¿ The Yale Endowment fund, which has dramatically outperformed the S&P for decades, releases its annual report ( PDF) to the public. It contains insights into the thinking of its key managers and is worth the read. David F. Swensen is the fund's manager, and his book Unconventional Success has received great reviews. Charles Ellis, who chairs Yale'sInvestment Committee, has also written a few great books. Winning the Loser's Game is considered a classic. I found The Investor's Anthology to be a wonderful read. ¿ Five Traders Worth Studying¿ Paul Merriman offers what is the ultimate buy-and-hold strategy. Unfortunately, most people lack the discipline, and the Buy-And-Hold Strategy Will Often Backfire. Lots of technology-related reading: ¿ There's still time to Reap Tax Credits From 'Green' Appliances, Upgrades. Fast Company asks whether there is a green revolution beginning in investing. ¿ The New Economist wonders whether we are looking at The end of broker research?¿ Interesting new site: The Buyout Blog ¿ There were also plenty of scientific developments this week: ¿ History's Hidden Engine's Robert Prechter has a new Socionomics Institute (including an on line documentary, and two volume Socionomics book). The short version is his " Key Aspects of Socionomic Theory."I don't do Elliott Wave or buy all of his theories, but as I'vementioned previously, the book Prechter's Perspective was quite fascinating. ¿ Space news: Last week, the International Space Station observed a total solar eclipse. Next week marks the 25th anniversary of the first space shuttle flight. ¿ What a surprise! The music industry posted its sixth year of declining sales. Meanwhile, I forgot to mention last week that my man Cody went to see Jamie Cullum (I couldn't go!). While his latest disc Catching Tales is pretty good, check out Twentysomething -- especially his cover of Radiohead's High & Dry. ¿ In other concert news, The Rolling Stones played China for the first time. Tickets at Shanghai's 8,000-seat Grand Stage went primarily to non-Chinese. Demand was so strong that ticket prices on the black market were driven up to $624. Welcome to free markets and the law of supply and demand!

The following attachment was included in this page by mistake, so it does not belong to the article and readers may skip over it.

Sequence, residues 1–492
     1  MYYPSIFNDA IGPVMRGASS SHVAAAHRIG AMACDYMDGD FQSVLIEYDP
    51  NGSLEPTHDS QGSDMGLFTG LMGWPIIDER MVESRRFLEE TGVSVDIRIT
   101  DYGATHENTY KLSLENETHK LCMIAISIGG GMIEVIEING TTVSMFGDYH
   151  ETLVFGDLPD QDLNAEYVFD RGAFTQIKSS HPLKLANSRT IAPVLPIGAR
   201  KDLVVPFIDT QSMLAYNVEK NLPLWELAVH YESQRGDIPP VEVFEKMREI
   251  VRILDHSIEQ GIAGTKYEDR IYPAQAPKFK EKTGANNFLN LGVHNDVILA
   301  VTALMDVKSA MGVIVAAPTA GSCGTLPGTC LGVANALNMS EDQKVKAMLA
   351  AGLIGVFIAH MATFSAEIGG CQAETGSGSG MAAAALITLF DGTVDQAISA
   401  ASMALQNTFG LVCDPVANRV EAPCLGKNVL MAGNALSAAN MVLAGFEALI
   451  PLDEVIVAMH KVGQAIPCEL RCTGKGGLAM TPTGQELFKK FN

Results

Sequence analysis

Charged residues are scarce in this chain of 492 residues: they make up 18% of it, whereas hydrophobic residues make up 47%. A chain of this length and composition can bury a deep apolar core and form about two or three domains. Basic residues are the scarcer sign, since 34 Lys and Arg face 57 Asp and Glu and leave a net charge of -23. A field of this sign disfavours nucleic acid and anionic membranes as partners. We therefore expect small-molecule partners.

¿ The Magic Numbers is a terrific CD, layered and melodic. I just can't figure out who these eclectic and brilliant guys remind me of: I hear everything from older Who, to Simon and Garfunkel to David Byrne to Pavement. No synthesizers, just classic rock instrumentation and lots of fun. ¿ "Pack your bags, preflight, zero hour 9 am:" By clicking this link, you agree to absolve me and TheStreet.com of any responsibility in the event that you laugh so hard you cough up a lung: William Shatner sings Rocketman.